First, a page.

2005 Salt Lake City Annual Meeting (October 16–19, 2005)

Paper No. 2
Presentation Time: 1:45 PM


GOSNOLD, Will, Geology and Geological Engineering, University of North Dakota, PO Box 8358, Grand Forks, ND 58202 and DE SILVA, Shan, Space Studies, University of North Dakota, 526 Clifford Hall, 4149 Campus Drive, Grand Forks, ND 58202, willgosnold@mail.und.nodak.edu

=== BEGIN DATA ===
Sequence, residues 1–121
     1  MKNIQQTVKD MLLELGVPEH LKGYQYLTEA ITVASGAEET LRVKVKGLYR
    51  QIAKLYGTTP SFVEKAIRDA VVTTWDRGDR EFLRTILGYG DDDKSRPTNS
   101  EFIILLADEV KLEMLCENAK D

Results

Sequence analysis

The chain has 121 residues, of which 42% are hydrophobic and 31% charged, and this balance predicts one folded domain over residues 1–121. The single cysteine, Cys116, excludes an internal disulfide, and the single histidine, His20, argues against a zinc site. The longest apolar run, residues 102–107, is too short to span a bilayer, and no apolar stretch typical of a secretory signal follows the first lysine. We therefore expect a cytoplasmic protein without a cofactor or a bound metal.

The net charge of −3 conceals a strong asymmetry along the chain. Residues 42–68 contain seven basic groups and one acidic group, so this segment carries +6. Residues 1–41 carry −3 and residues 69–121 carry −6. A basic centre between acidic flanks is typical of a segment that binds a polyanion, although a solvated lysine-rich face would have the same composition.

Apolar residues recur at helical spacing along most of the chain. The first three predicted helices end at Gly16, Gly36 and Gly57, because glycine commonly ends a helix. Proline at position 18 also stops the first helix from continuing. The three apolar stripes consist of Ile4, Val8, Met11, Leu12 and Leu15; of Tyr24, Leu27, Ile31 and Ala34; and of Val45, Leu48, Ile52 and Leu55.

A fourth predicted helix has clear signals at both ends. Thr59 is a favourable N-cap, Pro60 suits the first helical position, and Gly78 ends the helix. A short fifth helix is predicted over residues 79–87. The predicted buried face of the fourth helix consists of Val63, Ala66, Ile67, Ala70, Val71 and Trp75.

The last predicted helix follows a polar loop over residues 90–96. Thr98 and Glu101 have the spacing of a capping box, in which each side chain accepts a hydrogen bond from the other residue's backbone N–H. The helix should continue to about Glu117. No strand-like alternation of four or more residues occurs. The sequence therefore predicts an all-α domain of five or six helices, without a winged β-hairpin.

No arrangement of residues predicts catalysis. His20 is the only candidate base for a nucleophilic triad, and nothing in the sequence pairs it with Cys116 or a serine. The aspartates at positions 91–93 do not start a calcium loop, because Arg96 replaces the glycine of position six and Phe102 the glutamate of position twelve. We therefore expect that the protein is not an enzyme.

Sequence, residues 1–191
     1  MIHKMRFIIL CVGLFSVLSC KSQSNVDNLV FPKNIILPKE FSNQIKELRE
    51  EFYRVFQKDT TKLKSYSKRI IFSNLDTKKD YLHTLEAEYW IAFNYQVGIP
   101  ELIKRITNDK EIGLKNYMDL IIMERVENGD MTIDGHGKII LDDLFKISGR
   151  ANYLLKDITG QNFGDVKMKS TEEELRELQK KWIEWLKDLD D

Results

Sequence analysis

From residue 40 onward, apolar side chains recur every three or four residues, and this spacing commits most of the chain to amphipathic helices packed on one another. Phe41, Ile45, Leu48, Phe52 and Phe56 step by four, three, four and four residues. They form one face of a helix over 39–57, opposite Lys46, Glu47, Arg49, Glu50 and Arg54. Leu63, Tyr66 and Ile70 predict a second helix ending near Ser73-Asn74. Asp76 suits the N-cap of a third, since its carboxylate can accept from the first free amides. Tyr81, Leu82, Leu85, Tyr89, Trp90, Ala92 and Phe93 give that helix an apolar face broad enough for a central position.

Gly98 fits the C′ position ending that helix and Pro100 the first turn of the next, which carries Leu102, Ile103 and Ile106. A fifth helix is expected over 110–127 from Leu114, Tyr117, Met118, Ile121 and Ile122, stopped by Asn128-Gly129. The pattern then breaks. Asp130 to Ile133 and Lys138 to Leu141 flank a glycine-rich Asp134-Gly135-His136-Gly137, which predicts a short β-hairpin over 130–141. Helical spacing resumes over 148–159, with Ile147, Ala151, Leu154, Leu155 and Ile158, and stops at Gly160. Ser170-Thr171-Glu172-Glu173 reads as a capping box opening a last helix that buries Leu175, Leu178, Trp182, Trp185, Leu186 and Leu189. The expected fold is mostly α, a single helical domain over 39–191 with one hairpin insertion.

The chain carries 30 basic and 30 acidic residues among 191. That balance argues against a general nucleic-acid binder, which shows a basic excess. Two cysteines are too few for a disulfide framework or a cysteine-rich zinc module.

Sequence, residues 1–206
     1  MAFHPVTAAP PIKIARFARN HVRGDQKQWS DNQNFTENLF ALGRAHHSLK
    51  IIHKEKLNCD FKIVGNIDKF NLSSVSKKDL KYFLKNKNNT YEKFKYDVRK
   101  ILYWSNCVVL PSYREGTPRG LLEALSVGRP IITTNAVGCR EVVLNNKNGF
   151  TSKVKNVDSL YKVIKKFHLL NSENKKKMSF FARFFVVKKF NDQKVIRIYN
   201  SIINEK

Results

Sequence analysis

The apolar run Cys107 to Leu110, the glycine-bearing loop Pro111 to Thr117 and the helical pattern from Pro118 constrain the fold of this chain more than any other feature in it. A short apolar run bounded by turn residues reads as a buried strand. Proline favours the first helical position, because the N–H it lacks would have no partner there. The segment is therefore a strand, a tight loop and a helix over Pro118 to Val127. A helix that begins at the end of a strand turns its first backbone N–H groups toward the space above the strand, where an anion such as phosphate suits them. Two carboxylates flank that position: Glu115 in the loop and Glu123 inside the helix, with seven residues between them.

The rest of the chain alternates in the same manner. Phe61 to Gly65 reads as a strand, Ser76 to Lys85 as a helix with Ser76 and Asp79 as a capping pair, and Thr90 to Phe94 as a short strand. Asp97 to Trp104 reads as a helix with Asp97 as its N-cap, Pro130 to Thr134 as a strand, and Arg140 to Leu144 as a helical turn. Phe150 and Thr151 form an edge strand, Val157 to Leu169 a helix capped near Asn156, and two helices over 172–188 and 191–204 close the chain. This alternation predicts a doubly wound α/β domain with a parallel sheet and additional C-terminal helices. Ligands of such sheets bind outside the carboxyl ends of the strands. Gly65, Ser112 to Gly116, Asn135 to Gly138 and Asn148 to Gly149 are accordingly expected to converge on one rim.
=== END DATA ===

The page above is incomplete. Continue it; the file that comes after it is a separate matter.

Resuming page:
We have tested several heat flow models of the crust and upper mantle in the Andes magmatic arc to assess the relative roles of magmatism, asthenosphere flow, crustal thickness, and plate velocity in establishing the observed surface heat flow pattern and the pattern of volcanic activity during the past 40 ma. Observations along a 2,500 km long by 400 km wide transect perpendicular to the magmatic arc show that heat flow decreases sharply from about 200 mW m-2 to 60 mW m-2. The zone of highest heat flow, 200 mW m-2, is approximately 100 km wide in the active volcanic section of the Andean arc. The heat flow models include a subduction zone roll back at 77 mm a-1 with the descending slab sinking vertically at 44 mm a-1 but maintaining a 30 degree dip of the seismic zone that defines the upper surface of the slab. Asthenosphere counter flow occurs along the surface of the slab parallel to the slab surface at 89 mm a-1. The models indicate that frequent magma pulses of significant volumes into the upper crust are necessary to achieve the observed heat flow profile. Heating of the base of the crust by upwelling asthenosphere results in significant magma production through basalt injection and lower crustal melting, assimilation, storage and homogenization (MASH process). This lower crustal zone feeds upper crustal magmatic systems at 8 to 4 km that feed the active volcanoes. The transport of magma through the crust results in significant changes to the thermal profile and strength of the entire crust.